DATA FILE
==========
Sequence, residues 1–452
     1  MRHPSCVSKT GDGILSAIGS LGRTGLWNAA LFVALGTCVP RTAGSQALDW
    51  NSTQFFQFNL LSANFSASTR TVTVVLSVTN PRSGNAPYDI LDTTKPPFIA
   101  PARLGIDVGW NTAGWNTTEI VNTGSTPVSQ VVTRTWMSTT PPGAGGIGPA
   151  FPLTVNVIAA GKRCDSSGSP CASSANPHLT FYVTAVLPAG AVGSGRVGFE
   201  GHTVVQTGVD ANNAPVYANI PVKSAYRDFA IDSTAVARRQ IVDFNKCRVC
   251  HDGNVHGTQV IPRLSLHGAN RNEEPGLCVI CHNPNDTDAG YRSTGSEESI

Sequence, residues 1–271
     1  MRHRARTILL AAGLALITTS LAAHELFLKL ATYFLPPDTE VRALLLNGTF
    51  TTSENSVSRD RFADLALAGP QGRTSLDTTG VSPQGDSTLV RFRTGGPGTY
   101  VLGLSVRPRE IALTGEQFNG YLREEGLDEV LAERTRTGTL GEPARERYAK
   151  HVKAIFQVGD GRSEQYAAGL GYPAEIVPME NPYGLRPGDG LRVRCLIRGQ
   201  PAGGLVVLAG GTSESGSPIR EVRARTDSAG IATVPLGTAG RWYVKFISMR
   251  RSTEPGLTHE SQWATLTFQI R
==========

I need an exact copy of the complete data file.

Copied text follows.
Sequence, residues 1–452
     1  MRHPSCVSKT GDGILSAIGS LGRTGLWNAA LFVALGTCVP RTAGSQALDW
    51  NSTQFFQFNL LSANFSASTR TVTVVLSVTN PRSGNAPYDI LDTTKPPFIA
   101  PARLGIDVGW NTAGWNTTEI VNTGSTPVSQ VVTRTWMSTT PPGAGGIGPA
   151  FPLTVNVIAA GKRCDSSGSP CASSANPHLT FYVTAVLPAG AVGSGRVGFE
   201  GHTVVQTGVD ANNAPVYANI PVKSAYRDFA IDSTAVARRQ IVDFNKCRVC
   251  HDGNVHGTQV IPRLSLHGAN RNEEPGLCVI CHNPNDTDAG YRSTGSEESI

Sequence, residues 1–271
     1  MRHRARTILL AAGLALITTS LAAHELFLKL ATYFLPPDTE VRALLLNGTF
    51  TTSENSVSRD RFADLALAGP QGRTSLDTTG VSPQGDSTLV RFRTGGPGTY
   101  VLGLSVRPRE IALTGEQFNG YLREEGLDEV LAERTRTGTL GEPARERYAK
   151  HVKAIFQVGD GRSEQYAAGL GYPAEIVPME NPYGLRPGDG LRVRCLIRGQ
   201  PAGGLVVLAG GTSESGSPIR EVRARTDSAG IATVPLGTAG RWYVKFISMR
   251  RSTEPGLTHE SQWATLTFQI R